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, 29 (11), 2575-82

Paternal Physical and Sedentary Activities in Relation to Semen Quality and Reproductive Outcomes Among Couples From a Fertility Center

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Paternal Physical and Sedentary Activities in Relation to Semen Quality and Reproductive Outcomes Among Couples From a Fertility Center

A J Gaskins et al. Hum Reprod.

Abstract

Study question: Is paternal physical activity associated with semen quality parameters and with outcomes of infertility treatment?

Summary answer: Among men presenting for infertility treatment, weightlifting and outdoor activities were associated with higher sperm concentrations but not with greater reproductive success.

What is already known: Higher physical activity is related to better semen quality but no studies to date have investigated whether it predicts greater reproductive success.

Study design, size, duration: The Environment and Reproductive Health (EARTH) Study is an on-going prospective cohort study which enrolls subfertile couples presenting at Massachusetts General Hospital (2005-2013). In total, 231 men provided 433 semen samples and 163 couples underwent 421 IVF or intrauterine insemination cycles.

Participants/materials, setting, methods: Leisure time spent in physical and sedentary activities over the past year was self-reported using a validated questionnaire. We used mixed models to analyze the association of physical and sedentary activities with semen quality and with clinical pregnancy and live birth rates.

Main results and the role of chance: Men in this cohort engaged in a median of 3.2 h/week of moderate-to-vigorous activities. Men in the highest quartile of moderate-to-vigorous activity had 43% (95% confidence interval (CI) 9, 87%) higher sperm concentrations than men in the lowest quartile (P-trend = 0.04). Men in the highest category of outdoor activity (≥1.5 h/week) and weightlifting (≥2 h/week) had 42% (95% CI 10, 84%) and 25% (95% CI -10, 74%) higher sperm concentrations, respectively, compared with men in the lowest category (0 h/week) (P-trend = 0.04 and 0.02). Conversely, men who reported bicycling ≥1.5 h/week had 34% (95% CI 4, 55%) lower sperm concentrations compared with men who reported no bicycling (P-trend = 0.05). Paternal physical and sedentary activities were not related to clinical pregnancy or live birth rates following infertility treatment.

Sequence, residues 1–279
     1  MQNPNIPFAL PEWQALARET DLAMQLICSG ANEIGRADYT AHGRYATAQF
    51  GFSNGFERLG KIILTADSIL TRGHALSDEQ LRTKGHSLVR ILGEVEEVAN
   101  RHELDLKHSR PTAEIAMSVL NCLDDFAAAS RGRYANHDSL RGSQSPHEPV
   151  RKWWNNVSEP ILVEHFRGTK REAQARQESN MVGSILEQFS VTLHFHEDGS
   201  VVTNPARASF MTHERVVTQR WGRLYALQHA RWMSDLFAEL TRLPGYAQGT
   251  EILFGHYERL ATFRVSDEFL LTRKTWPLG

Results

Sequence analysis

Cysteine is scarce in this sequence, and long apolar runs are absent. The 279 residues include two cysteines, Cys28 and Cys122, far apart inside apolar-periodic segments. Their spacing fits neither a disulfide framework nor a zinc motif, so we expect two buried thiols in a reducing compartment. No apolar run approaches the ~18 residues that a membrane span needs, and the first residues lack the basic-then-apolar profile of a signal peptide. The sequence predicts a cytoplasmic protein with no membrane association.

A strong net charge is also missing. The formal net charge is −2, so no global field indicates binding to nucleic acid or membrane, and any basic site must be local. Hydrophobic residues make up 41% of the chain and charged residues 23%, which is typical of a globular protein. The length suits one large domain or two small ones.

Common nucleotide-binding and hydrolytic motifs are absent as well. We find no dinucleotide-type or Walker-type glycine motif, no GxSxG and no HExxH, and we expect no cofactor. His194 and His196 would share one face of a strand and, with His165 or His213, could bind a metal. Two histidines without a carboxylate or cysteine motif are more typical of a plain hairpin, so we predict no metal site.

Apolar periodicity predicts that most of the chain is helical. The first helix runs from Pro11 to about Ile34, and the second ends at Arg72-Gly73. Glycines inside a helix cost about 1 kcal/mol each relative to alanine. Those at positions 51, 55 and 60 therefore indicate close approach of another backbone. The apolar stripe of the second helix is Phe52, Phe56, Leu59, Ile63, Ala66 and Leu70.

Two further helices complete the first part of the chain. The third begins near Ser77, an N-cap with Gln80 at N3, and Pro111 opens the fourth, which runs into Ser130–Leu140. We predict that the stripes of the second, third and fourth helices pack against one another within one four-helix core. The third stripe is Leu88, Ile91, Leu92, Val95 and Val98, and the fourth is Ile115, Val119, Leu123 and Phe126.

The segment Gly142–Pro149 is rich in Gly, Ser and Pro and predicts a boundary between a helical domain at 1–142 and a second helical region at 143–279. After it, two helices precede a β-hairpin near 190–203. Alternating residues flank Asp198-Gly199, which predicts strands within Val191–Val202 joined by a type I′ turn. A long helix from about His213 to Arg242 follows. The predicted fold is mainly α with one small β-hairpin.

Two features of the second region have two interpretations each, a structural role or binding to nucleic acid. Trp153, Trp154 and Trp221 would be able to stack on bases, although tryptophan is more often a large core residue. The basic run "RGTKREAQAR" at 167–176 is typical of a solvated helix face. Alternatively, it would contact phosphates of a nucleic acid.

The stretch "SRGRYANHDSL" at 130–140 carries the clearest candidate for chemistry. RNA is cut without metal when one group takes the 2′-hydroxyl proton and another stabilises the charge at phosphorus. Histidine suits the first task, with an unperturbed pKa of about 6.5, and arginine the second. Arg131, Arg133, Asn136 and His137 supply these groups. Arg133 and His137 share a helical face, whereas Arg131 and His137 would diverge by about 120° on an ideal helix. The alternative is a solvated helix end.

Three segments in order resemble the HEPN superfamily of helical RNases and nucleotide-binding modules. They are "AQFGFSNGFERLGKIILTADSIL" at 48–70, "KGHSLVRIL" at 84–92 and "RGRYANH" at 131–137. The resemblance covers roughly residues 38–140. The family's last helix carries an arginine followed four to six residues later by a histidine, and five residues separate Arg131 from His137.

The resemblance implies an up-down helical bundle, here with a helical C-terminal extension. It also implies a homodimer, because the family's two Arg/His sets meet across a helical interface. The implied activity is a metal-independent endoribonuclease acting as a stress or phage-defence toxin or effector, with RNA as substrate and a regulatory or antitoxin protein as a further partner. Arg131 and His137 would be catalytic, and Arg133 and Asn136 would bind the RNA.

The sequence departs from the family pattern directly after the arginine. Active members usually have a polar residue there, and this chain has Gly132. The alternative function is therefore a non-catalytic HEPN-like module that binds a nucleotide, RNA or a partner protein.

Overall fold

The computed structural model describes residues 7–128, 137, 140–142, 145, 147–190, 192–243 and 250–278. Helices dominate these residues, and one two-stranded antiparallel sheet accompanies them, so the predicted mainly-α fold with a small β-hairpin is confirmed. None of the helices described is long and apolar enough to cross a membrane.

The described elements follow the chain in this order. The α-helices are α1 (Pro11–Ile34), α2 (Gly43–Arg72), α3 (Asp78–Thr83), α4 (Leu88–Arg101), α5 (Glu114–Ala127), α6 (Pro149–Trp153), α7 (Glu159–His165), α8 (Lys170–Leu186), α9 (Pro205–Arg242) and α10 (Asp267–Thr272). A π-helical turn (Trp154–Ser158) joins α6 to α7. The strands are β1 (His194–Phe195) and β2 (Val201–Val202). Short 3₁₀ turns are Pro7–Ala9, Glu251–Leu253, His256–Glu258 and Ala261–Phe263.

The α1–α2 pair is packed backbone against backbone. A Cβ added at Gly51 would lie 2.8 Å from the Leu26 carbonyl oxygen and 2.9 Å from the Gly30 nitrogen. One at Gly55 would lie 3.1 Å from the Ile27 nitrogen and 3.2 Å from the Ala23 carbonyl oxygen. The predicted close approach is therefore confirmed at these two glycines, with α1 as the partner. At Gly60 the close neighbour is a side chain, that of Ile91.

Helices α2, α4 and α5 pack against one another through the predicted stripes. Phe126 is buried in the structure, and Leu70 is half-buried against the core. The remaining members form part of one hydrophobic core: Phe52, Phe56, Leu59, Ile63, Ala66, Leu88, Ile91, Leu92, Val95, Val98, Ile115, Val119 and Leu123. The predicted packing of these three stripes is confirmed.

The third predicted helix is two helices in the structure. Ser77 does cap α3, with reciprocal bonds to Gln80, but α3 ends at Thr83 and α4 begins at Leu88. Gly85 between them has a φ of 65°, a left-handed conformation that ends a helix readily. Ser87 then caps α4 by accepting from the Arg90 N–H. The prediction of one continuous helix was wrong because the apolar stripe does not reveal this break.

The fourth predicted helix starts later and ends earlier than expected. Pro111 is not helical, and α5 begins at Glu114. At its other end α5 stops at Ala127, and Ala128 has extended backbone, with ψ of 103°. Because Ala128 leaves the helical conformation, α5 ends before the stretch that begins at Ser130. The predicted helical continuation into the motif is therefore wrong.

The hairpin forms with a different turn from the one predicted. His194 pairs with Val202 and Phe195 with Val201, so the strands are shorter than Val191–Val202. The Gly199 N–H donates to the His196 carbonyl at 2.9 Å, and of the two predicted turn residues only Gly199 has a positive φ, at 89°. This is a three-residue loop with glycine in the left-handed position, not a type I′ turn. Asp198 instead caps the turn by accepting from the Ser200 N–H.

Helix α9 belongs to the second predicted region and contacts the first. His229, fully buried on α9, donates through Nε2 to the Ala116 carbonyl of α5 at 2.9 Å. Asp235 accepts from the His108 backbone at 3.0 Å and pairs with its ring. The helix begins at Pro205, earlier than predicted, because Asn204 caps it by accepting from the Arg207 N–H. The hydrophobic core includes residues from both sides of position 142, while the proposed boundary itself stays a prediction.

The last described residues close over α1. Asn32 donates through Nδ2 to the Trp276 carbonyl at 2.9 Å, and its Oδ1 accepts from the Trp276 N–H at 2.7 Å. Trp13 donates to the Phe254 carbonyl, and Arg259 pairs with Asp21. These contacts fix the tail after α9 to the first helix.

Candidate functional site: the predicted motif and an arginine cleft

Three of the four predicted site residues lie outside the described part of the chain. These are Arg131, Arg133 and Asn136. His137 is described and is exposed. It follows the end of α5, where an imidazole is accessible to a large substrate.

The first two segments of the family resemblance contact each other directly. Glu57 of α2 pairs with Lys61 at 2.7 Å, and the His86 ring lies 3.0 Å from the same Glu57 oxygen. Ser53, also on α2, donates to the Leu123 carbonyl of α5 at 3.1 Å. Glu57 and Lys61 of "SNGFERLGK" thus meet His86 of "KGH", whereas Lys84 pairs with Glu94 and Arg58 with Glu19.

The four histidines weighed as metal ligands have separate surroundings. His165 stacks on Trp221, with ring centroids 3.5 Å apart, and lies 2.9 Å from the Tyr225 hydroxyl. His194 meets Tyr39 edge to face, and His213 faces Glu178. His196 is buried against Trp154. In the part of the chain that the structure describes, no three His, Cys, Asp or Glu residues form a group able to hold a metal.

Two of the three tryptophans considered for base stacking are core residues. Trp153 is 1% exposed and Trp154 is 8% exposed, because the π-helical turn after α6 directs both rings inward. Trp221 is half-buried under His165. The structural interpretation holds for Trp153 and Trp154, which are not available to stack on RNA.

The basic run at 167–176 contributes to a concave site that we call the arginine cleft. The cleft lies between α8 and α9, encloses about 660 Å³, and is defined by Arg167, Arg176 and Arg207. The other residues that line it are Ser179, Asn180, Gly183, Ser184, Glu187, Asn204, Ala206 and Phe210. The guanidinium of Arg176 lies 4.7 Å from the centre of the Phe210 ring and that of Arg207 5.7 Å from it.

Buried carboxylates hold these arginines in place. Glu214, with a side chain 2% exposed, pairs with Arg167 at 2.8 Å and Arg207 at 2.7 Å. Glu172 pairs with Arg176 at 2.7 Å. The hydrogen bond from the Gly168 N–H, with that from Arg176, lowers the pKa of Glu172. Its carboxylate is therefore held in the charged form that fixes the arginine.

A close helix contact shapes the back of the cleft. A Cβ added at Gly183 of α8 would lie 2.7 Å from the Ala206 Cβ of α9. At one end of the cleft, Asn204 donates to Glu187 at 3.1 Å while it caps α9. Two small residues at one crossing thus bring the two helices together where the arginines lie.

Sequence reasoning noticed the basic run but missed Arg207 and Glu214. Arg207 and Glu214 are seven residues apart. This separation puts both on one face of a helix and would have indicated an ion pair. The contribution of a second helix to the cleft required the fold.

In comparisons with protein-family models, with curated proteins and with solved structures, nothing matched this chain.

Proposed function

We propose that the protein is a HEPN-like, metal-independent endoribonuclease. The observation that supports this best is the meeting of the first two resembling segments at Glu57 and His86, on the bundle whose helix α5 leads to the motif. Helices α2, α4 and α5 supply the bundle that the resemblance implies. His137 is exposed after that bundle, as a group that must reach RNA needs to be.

Limitations, reasons for caution: The generalizability of the findings on live birth rates to populations not undergoing infertility treatment is limited.

Wider implications of the findings: Certain types of physical activity, specifically weightlifting and outdoor activities, may improve semen quality but may not lead to improved success of infertility treatments. Further research is needed in other non-clinical populations.

Study funding/competing interests: The authors are supported by NIH grants R01-ES009718, ES000002, P30-DK046200, T32-DK007703-16 and ES022955 T32-HD060454. None of the authors has any conflicts of interest to declare.

Keywords: assisted reproduction; male fertility; physical activity; semen quality.

Figures

Figure 1
Figure 1
Adjusted mean (95% CI) sperm concentration (million/ml) by type of moderate-to-vigorous physical activity. All analyses were run using log-transformed concentration and linear mixed models with random intercepts and autoregressive correlation structure. The marginal means are presented adjusted for abstinence time (<48, 48–72, ≥72 h), age (continuous), smoking status (ever, never), race (white, other), education (less than college, college, graduate) and BMI (continuous). *P-value compared with lowest category is <0.05.

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